Windows Gets Flamed
Michael Harper for RedOrbit.com
Microsoft surprisingly released an emergency security patch for Windows on Sunday after it discovered one of its digital signatures was being used to certify the Flame malware in the Middle East.
To gain access to this certificate, the hackers responsible took advantage of a weakness in Terminal Server, a remote service many enterprises use to access their clients computers. These hackers then found an algorithm used to issue licenses for this service, and then created rogue intermediate authorities which were then able to authenticate the malware, causing the computers to trust it entirely.
“We have discovered through our analysis that some components of the malware have been signed by certificates that allow software to appear as if it was produced by Microsoft,” writes Mike Reavey, Microsoft´s Security Response Center Senior Director in a Sunday evening blog post.
“We identified that an older cryptography algorithm could be exploited and then be used to sign code as if it originated from Microsoft. Specifically, our Terminal Server Licensing Service, which allowed customers to authorize Remote Desktop services in their enterprise, used that older algorithm and provided certificates with the ability to sign code, thus permitting code to be signed as if it came from Microsoft.”
This isn´t the first time the Flame malware has popped up in the news in recent weeks, however. Called the “most sophisticated” cyber weapon ever used, the malware has been found to actively target sensitive information in the Middle East.
“Flame can easily be described as one of the most complex threats ever discovered. It´s big and incredibly sophisticated,” wrote Alexander Gostev, Kaspersky Lab´s head of global research and analysis, according to a blog post.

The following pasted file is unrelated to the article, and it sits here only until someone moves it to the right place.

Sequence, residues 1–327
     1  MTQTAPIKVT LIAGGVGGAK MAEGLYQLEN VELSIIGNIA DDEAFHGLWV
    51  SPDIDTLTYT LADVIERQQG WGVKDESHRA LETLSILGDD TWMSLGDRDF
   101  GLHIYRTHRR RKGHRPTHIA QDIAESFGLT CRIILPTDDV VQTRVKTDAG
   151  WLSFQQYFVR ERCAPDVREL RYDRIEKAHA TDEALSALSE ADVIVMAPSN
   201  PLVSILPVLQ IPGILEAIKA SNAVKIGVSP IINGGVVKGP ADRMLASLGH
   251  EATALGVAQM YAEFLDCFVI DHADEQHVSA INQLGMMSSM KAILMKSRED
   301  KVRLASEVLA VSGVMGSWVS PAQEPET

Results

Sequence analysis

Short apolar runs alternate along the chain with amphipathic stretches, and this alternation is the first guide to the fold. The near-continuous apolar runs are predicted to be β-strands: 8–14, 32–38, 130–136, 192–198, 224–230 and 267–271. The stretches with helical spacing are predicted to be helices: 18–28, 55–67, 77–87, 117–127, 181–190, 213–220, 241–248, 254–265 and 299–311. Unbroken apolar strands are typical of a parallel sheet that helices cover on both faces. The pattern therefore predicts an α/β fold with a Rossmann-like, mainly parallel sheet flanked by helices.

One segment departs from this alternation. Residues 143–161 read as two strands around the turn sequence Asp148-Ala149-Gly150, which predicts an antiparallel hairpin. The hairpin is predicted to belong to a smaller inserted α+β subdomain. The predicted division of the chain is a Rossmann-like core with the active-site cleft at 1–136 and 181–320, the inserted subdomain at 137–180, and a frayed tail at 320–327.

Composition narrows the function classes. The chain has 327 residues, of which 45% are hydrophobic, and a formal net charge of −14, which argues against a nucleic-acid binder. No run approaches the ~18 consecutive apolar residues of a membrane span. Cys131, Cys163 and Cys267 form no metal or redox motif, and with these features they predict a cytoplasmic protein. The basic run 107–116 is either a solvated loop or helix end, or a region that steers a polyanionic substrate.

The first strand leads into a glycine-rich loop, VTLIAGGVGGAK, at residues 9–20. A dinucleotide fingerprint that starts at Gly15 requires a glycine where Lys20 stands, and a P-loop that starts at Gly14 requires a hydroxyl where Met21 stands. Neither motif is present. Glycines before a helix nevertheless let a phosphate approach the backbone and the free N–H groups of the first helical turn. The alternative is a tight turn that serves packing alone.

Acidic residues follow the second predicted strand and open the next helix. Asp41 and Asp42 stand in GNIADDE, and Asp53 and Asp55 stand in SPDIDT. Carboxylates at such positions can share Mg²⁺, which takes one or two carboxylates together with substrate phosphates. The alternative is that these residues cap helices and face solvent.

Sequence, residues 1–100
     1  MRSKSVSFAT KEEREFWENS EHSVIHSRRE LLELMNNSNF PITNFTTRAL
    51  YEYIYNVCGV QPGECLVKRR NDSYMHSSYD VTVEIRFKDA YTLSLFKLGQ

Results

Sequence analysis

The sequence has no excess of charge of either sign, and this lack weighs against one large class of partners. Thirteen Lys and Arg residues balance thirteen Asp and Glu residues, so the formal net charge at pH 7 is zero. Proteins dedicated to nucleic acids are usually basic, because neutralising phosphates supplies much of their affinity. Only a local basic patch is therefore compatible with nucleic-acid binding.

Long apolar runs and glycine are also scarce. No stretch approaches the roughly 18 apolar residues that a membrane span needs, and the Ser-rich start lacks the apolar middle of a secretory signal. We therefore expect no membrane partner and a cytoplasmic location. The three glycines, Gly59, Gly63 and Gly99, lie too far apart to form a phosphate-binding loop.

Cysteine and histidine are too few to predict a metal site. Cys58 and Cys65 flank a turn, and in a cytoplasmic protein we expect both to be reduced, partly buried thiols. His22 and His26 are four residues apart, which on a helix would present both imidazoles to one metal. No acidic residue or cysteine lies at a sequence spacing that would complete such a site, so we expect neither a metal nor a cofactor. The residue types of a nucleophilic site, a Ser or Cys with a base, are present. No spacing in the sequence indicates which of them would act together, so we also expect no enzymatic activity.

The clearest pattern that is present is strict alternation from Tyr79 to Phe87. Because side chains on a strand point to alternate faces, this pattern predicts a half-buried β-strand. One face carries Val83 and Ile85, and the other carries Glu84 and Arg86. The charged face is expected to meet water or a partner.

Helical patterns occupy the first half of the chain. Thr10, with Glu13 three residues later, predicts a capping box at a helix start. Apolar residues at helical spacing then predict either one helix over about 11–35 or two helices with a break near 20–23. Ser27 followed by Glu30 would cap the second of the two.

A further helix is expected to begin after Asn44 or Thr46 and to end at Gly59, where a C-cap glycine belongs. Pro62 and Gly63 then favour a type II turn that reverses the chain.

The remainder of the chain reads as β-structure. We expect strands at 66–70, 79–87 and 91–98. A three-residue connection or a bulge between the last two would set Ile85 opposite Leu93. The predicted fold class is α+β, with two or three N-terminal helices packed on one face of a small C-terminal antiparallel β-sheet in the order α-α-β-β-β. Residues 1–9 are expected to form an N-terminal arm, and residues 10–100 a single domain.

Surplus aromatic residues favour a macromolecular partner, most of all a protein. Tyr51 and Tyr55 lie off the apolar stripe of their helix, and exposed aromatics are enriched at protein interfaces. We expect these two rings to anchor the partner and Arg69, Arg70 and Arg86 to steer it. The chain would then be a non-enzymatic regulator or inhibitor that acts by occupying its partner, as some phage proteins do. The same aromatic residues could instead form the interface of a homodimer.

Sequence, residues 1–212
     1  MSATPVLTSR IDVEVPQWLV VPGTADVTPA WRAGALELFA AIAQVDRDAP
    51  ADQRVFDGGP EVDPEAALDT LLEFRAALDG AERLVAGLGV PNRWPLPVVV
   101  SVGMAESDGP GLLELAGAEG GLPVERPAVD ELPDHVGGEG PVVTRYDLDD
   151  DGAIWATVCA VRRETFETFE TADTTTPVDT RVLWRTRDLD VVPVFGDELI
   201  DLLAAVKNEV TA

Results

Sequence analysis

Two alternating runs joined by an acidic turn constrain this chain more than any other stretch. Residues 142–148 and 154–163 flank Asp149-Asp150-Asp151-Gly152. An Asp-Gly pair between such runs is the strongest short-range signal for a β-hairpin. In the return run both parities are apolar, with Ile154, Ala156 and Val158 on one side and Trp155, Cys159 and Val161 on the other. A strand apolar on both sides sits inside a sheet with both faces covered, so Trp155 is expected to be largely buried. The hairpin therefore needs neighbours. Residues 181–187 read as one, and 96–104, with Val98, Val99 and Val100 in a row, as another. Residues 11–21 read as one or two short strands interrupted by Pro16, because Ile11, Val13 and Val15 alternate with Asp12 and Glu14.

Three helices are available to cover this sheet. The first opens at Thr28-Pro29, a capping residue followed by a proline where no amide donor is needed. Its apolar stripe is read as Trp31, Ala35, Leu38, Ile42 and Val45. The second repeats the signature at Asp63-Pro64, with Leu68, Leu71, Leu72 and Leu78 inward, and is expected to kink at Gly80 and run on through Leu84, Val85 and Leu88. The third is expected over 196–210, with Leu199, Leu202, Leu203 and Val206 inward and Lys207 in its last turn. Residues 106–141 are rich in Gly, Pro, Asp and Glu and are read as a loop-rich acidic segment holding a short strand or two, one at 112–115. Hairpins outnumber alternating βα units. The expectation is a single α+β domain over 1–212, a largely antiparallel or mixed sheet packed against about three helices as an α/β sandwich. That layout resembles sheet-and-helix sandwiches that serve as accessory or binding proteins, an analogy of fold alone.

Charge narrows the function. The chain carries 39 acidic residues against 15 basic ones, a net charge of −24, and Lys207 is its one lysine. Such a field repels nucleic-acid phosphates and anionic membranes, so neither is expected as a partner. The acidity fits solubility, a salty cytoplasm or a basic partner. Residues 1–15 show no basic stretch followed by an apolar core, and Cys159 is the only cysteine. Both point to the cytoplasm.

“It pretty much redefines the notion of cyberwar and cyberespionage.”
In fact, the Flame malware is so sophisticated and so extensive in what it can do, some lead researchers from Kaspersky Lab, Symantec and others suspect it may be funded by a wealthy nation.
For example, it was announced last Friday that both the Bush and Obama administrations had been responsible for the creation and deployment of Stuxnet, the software used to sabotage the Iranian nuclear program.
Microsoft´s emergency update also adds this new rogue certificate to its blacklist of the other certificate authorities tied to its root authority. Without this new security patch, any Windows user is vulnerable to attacks from the Flame malware.
In addition to the security patches, Microsoft engineers have also stopped issuing any certificate used for signing a Terminal Services activation. The very fact that such a weakness exists is startling for any Windows user, and though the Sunday evening blog post admitted the malware vulnerability, it did not offer any explanation as to what had happened to allow it to infect computers with a fake authentication.
“This is a pretty big goof,” said Marsh Ray, a software developer for two-factor authentication company PhoneFactor, to Ars Technica.
For their part, Microsoft´s blog suggests registering for their comprehensive security alerts, as well as staying tuned to their websites for more information as it develops.